Image source The RoostOnly a few years ago back in 2008, I had the opportunity to compete in the Dirtworks event held in St Albans. I was only 16 and competing in the 50km event. Upon completion, I remember sitting on my own at the finish line, primarily waiting for my father to finish the 100km event, but in the mean time, watching the elite guys cross the line looking fit and fresh! I was so envious of Hamish Elliott who won that year, in a time of 4hours and 9 minutes. Four years later, with a few more k’s in the legs, I set out to find myself a late entry and give the 100km a good go.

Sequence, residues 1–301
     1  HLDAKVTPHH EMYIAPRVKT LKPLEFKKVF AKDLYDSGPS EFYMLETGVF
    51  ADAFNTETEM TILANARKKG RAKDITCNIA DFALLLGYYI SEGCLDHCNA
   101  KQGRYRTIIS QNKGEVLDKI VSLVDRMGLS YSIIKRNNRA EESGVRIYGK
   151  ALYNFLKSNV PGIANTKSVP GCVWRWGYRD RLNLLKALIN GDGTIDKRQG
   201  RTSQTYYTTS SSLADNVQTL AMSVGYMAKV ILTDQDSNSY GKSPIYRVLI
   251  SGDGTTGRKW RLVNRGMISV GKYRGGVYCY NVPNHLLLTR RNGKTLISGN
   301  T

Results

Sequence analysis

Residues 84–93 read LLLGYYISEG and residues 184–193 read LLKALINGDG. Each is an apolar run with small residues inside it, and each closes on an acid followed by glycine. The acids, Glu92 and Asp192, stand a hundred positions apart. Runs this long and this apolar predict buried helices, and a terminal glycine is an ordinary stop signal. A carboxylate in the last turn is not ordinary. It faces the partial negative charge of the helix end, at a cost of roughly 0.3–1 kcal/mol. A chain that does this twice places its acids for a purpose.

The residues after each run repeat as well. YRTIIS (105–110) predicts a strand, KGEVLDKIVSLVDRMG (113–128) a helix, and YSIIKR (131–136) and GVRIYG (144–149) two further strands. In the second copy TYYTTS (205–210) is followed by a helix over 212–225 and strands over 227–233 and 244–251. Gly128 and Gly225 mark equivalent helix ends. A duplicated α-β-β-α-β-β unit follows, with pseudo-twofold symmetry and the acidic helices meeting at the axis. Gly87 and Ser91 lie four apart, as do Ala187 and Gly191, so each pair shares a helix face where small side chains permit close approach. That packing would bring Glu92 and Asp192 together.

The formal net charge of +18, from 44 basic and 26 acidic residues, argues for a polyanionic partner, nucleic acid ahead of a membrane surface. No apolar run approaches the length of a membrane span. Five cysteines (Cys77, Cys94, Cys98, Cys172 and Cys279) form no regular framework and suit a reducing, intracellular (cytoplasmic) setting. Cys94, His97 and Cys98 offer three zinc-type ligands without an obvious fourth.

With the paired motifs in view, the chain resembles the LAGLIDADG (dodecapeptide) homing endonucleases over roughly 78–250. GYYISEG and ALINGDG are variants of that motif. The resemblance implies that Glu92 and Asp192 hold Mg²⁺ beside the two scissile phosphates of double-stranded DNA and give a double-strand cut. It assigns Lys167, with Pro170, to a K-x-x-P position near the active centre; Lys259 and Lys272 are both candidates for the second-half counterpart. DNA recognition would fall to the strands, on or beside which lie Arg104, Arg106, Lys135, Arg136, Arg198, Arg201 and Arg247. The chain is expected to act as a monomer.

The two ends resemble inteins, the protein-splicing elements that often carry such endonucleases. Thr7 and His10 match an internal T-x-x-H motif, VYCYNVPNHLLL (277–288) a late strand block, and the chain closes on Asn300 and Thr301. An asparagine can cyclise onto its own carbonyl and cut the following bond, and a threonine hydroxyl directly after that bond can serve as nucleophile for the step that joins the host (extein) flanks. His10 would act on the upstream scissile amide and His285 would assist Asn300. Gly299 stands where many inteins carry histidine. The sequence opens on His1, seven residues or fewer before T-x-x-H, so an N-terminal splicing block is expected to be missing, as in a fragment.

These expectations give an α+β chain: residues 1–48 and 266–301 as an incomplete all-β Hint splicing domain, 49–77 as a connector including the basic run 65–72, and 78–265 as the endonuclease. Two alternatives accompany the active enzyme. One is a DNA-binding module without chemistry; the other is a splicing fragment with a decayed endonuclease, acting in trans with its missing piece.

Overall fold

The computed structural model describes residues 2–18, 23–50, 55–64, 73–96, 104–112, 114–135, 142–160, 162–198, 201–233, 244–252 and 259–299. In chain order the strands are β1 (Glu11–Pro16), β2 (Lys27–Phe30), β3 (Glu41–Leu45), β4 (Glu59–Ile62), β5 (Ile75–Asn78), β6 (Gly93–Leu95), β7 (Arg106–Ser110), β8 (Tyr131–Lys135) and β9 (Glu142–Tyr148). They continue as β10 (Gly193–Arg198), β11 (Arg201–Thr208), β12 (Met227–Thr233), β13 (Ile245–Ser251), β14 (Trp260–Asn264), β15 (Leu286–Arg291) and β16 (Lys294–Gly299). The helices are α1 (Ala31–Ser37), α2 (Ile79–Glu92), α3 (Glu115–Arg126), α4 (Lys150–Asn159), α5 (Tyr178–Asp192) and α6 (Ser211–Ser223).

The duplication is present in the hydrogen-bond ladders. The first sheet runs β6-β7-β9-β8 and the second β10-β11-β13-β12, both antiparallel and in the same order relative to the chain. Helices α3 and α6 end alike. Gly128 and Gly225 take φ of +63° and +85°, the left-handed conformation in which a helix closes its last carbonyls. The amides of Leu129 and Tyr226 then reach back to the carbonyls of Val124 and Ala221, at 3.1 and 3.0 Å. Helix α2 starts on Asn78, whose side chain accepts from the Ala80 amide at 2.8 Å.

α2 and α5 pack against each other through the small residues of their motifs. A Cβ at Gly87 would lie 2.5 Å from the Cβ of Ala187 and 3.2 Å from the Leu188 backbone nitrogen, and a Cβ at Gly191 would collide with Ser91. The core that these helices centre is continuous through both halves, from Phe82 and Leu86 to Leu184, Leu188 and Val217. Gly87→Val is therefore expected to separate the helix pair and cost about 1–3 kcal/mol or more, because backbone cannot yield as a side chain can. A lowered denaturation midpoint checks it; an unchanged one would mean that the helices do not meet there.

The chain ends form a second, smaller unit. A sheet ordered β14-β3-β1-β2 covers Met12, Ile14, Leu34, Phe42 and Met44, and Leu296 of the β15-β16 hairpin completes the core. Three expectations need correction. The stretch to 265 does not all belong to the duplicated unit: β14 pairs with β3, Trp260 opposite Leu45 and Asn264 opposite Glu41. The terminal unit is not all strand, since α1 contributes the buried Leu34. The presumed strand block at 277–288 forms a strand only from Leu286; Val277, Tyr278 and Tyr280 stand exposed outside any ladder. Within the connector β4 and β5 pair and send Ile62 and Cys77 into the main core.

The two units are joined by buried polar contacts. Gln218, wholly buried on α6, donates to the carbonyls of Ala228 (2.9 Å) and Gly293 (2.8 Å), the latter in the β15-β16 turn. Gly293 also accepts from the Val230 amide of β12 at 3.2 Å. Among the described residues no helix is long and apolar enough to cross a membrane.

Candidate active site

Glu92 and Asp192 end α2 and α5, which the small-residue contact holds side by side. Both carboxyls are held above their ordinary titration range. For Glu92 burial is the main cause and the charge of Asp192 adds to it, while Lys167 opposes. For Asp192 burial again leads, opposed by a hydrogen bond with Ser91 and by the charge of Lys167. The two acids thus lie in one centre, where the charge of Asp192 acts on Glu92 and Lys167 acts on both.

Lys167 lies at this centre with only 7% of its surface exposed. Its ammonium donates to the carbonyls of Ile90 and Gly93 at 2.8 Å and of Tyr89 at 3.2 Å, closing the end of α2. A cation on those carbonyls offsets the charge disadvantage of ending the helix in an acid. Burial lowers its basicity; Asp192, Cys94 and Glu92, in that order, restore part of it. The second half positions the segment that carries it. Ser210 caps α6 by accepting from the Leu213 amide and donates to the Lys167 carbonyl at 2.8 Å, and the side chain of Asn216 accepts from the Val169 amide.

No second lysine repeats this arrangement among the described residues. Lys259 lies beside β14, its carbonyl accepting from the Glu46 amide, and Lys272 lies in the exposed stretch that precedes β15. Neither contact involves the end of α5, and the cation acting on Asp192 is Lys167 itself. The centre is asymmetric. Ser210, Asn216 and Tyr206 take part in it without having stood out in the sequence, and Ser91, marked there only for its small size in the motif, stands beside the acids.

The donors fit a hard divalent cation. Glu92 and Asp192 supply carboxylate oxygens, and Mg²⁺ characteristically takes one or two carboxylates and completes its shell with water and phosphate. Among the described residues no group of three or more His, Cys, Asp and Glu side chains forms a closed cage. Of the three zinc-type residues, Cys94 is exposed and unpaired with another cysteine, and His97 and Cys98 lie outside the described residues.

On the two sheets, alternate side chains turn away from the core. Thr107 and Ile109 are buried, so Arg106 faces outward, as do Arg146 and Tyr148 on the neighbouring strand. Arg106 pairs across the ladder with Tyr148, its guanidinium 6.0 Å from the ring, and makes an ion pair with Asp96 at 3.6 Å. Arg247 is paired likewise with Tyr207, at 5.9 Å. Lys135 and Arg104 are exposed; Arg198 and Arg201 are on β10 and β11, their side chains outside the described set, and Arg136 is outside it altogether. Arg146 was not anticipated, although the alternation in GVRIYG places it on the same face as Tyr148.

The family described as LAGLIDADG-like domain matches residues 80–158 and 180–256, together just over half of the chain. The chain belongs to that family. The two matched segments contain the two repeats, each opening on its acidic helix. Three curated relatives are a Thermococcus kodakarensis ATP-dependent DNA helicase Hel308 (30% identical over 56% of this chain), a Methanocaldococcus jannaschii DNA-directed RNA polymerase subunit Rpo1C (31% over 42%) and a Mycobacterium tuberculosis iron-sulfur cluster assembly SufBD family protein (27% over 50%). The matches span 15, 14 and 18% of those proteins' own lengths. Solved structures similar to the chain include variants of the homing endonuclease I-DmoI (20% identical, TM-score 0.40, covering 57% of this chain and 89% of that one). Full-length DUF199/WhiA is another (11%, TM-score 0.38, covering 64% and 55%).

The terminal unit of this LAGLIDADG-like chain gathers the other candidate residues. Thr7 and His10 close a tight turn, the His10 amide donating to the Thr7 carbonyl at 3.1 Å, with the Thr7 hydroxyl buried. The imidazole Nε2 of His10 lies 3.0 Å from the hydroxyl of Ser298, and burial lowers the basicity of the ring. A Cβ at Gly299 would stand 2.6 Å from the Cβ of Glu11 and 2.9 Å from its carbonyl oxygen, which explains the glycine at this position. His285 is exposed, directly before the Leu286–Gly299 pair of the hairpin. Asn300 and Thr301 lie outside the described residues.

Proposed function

Image source The RoostI’m not going to lie, I was stressing on the Friday. It came down to a number of things. Worrying that I had forgot to pack something, how my legs felt on my roll in the morning, but most importantly how I was going to cope with the distance. I was confident in my ability leading into the race yet concerned, considering that I had never ridden 100km on a mtb before. I had plenty of road k’s in the legs and was just hoping it would convert to the mtb just fine.. Before spending the night in the back of the car, I was able to give myself a rough race plan. It wasnt too hard to come up with. Conserve as much energy as possible early, whilst not letting the front runners out of sight. Last as long as possible.. On the cold morning of the event, the gun went off and the lead group of 40 or so elites took off. It was a cruisy pace for the first 12km on the bitumen/gravel road until we reached the first climb which also doubled as the KOM. I made sure I was positioned near the front and sat in fourth, following Andy Blair’s wheel. Ahead of him were Adrian Jackson and Ben Mather who had already started to pick up the pace for the KOM points. I was riding within myself and decided to save some energy by not contesting for the points and crossing the top in 3rd. As it turned out, our group of four riders had managed to get a gap on the main group and there was no looking back. The brutal climb had split the race early and we decided to capitalise on our advantage by swapping off to increase the gap. Just before the 28km feed zone, Jason English managed to bridge over to us solo until he (apparently) crashed not long after. We rode as a group until the halfway mark at 50km and I was feeling good. Right after the feed zone I dropped my bottle which I was pretty bummed about so instead, made sure I was eating as much as possible until the next feed zone. Ben Mather was forced to stop here to fix his seat and unfortunately for him, never saw the front of the race again. It was now Blair, AJ and myself riding at a nice tempo. After about 10km, Blairy got a bit of a gap on a technical section and hit the gas. I was following AJ’s wheel and when out of nowhere, a big stick flung from his rear wheel and went straight through my front! An over the bars and head butt the ground all happened within the second and I got up feeling pretty groggy! Thankfully the bike was fine and I was just telling myself to get going before the gap got too big! I knocked my seat back to a ‘level’ position and sprinted off, running on pure adrenaline. I got to AJ just as he had to stop on a technical section before I went by with Blairy on my mind. I thought he had made the winning move a few km earlier but to my absolute suprise, I saw those bright pink 4Shaw socks up ahead somewhere in bush, and I put my head down to finally shut the move down. Still feeling ok, I sucked in some big air while I sat on Blair’s wheel for a while, before we started working together. We crossed the canoe bridge and started climbing again. This time it was hurting just a little more than it did a few hours ago! My chain was sucking a bit causing me to lose ground. Unfortunately I was having to dig into my reserves to get back on the wheel. With the final kilometers of climbing approaching, Blairy made the winning before the huge decent back down towards the event centre. At this point in the race, my S-works epic was really shining, cleaning up my little mistakes that are always caused by that point in fatigue. The legs were definitely in a bad way by now and all I could do was watch Blair ride off into the distance for the win. I have to say, crossing the line was such a great feeling. The relief of finishing, but also with a podium result felt phenomenal. The top 4 riders went sub 4 hours, myself at 3h 49min and my garmin read an average speed of 26.2km/h. Moving! Again it goes without saying, DRIFT BIKES/SPECIALIZED- the best team to be working with, could not be asking for better service and equipment, thanks a lot! Hopefully see you at the next one! Cheers! - Trenton Day